Friday, June 15, 2007

Freshmen Projects

A couple of our teachers just posted some end-of-semester projects over on Learning and Laptops. Brad posted a couple of projects on the topic of the Cold War, including one that made excellent use of PowerPoint.

Anne then posted nine projects examining the question: What does literature say about us as human beings? She likes them all, but particularly recommends "Experiences."

As always, constructive criticism is welcome (on the particular blog post, please). Since I usually get asked, these are freshmen students (that's 14 or 15 years old for those of you outside of the U.S.).

1 comment:

  1. To Anne and the students who synthesized their experience of literature and media in "Experiences":
    So many marvelous images that are so well-selected to build your message! You do such a thorough job of showing me how all these pieces of literature ----and Jean-Jacques Rousseau (by the way, he'd have pronounced his middle name "ZJahk" - one syllable) share common themes. What a huge endeavor to pull so many examples together, find commonalities (and nuanced differences), generating your OWN commentary on the human condition, with connections in your own lives. I wonder if you will ever read a piece of literature or a newspaper story again without starting to connect it in some way to what you have said here. I can hear you questioning what a new story means in terms of this framework-- and mentally revising this framework as your experience broadens. And will you write some stories or poems of your own, out of your own experiences? I hope so.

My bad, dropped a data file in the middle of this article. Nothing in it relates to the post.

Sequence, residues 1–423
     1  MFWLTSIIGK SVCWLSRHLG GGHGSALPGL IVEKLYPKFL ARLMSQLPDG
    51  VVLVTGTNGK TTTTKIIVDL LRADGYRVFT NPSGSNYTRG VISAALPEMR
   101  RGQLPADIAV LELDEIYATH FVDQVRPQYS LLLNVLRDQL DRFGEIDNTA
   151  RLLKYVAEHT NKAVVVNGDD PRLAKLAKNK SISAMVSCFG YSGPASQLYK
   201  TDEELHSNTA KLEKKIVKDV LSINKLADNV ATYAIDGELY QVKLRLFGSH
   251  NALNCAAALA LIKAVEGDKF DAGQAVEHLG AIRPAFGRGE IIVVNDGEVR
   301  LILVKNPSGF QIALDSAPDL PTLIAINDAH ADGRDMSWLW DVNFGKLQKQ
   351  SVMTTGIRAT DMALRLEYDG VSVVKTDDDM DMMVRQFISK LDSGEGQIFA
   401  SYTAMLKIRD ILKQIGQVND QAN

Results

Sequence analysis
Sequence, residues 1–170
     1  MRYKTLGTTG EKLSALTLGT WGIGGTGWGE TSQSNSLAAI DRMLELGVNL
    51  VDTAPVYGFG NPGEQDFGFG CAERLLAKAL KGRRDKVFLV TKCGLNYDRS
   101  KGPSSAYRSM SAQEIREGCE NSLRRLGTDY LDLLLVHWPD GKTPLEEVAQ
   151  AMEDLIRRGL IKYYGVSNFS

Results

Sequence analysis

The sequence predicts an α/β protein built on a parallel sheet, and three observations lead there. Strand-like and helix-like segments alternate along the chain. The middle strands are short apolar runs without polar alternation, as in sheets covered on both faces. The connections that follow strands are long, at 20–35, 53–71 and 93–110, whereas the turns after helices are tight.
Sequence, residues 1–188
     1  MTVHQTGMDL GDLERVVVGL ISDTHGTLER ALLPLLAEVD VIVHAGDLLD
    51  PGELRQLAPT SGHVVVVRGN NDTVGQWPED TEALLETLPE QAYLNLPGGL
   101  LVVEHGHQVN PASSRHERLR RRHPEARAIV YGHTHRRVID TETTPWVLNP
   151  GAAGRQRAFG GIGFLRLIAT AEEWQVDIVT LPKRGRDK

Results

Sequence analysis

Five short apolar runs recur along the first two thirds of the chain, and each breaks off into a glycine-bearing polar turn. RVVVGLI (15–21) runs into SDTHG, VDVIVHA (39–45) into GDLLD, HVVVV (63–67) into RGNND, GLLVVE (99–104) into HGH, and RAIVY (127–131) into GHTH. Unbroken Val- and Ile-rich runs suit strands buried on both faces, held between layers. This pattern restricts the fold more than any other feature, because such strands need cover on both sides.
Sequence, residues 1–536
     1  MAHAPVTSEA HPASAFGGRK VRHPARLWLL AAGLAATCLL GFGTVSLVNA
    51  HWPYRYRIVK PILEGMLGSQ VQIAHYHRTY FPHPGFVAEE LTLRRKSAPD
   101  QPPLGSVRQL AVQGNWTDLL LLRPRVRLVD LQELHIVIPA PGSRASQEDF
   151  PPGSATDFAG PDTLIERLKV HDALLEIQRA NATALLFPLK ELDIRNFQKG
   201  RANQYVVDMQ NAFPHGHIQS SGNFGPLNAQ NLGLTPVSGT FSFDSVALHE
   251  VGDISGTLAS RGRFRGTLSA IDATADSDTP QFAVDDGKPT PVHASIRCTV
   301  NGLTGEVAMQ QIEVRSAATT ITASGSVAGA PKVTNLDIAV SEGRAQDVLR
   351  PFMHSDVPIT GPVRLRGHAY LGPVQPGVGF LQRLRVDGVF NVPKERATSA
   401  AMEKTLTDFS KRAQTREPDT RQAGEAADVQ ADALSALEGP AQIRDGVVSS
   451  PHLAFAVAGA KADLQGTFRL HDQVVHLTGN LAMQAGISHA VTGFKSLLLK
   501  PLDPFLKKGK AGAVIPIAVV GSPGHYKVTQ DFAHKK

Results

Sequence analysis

A bit of criticism, because everyone can get better:
    There are times when I wish the words and images could co-exist more and share the screen/audio track less obtrusively. In other places, your presentation is seamless. Where you change from photographs to geometric background, I am startled a bit. When you put more than one or two lines of text on the screen, I am frustrated. When you read to me, I am offended. You pictures tell the story for me. If you are going to narrate (which you really need to do to underscore your meaning and make sure your audience gets the full message you have crafted), let pieces of text tell the story-- and animate them so I am not inundated with more than one at a time. You do not bury me with photomontages. You let me savor each image alone. Please let me do that with the texts, as well. Even though this is English class, I don't think you have to use complete sentences on screen. What are the words I MUST see to hear the common threads?
    Your narrator had a gigantic job--and I think it tired her in places. Maybe you could have taken turns to add expression and variety---but that is being very picky on my part.

    I hope you are able to build on this kind of experience by making more and experimenting with ways to tell your story in the next three years before you graduate. You will leave your teachers with examples that will challenge others to find their own visual motifs and individual messages. Maybe that can be part of your story. I hope you thanked your teacher for setting you free to learn.

    I thank you for letting me share in it.

    - Another teacher, reader, humanities-type in another state in hte U.S.